From the minute they moved into Staples, they've been profitable - $10M the first season of 99-00, peaking at $22M in 03-04. The trend is moving back down now that their team payroll is moving up. Bear in mind, in 03-04 they were still losing. Their profits were $16M the season they made the playoffs, 05-06. (I've been told that a home playoff game is worth about $1M, but that doesn't ring true. They hosted 6 games that season, and their payroll hadn't really risen that much. If those playoff games were worth an extra $6M on the bottom line, then $16M doesn't seem like enough profit.)
After the move to Staples, DTS was laughing all the way to the bank. He had inventory in the shiny new building in town (so what if the seats were purple and the Clippers chose after the Lakers and Kings in scheduling dates?). He had luxury box revenue. He even had one of those, twice a decade 'young and talented with lots of exciting players oozing potential' Clipper rosters. Selling merchandise, sharing record TV revenues - and the new bonanza of being REWARDED with a distribution of luxury tax money simply for being cheap which he already was - the Clippers were one of the most profitable teams in the league. Lots of teams had much higher revenues - but in terms of return on investment, the Clippers were the tops.
When the team re-signed Corey Maggette and Elton Brand, it was a major sign of change. But we often forget that they DIDN'T re-sign Lamar Odom or Andre Miller or Michael Olowokandi or Eric Piatkowski that same summer. I know, the citizens of ClipsNation are by and large happy with the choices made, but I just want to point out that 2 out of 6 is not a very high percentage.
But in 05-06, when 'money spent' began to equate to 'playoff games', it seems like DTS got the fever. I've wondered if he would revert to league minimum payroll and perennial doormat given the major disappointments of the last two seasons. In the Simers column, at least he's saying that he won't. So that's good news.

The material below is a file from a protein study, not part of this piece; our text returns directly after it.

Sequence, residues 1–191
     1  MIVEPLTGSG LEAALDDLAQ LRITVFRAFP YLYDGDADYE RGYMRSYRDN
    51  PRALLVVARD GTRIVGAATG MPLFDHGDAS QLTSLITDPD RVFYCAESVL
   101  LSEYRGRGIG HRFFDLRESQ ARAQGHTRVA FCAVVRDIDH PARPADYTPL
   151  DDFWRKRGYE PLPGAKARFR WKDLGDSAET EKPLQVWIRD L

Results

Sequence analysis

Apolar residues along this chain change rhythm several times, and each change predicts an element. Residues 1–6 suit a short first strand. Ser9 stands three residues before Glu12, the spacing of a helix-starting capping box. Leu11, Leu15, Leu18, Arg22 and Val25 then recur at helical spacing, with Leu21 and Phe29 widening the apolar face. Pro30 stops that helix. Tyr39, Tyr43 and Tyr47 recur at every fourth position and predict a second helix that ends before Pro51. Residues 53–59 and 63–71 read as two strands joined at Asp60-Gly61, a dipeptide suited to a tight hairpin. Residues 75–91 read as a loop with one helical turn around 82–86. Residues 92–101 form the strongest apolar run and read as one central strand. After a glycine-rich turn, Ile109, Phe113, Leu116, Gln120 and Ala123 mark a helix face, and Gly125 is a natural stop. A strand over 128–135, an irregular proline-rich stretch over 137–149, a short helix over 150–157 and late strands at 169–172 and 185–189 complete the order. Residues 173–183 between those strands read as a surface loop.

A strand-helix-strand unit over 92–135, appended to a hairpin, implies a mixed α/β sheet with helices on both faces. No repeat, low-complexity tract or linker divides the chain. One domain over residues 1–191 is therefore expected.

But we all need to calm down. Injuries matter. The coach, in year 1 of a 4 year extension, gets a 'get out of jail free' card for their current record. That's just how it is. The team improved significantly in each of his first 3 seasons at the helm (and backslid last season, to be sure). The team has completely transformed on the defensive end in his tenure, which cannot be denied. When it looked like he was completely wrong about Chris Kaman last season, I would have been much more inclined to throw him under the bus. But hey, guess what? He was right about that guy! Let the poor slob get EB and K2 on the floor together before running him out of town.
It's not news that the Clippers are going to miss the playoffs. If everyone is upset about it, great, get to work on fixing it for the future.
But the future includes a lottery pick, not the playoffs, in 2008. That's reality on line one.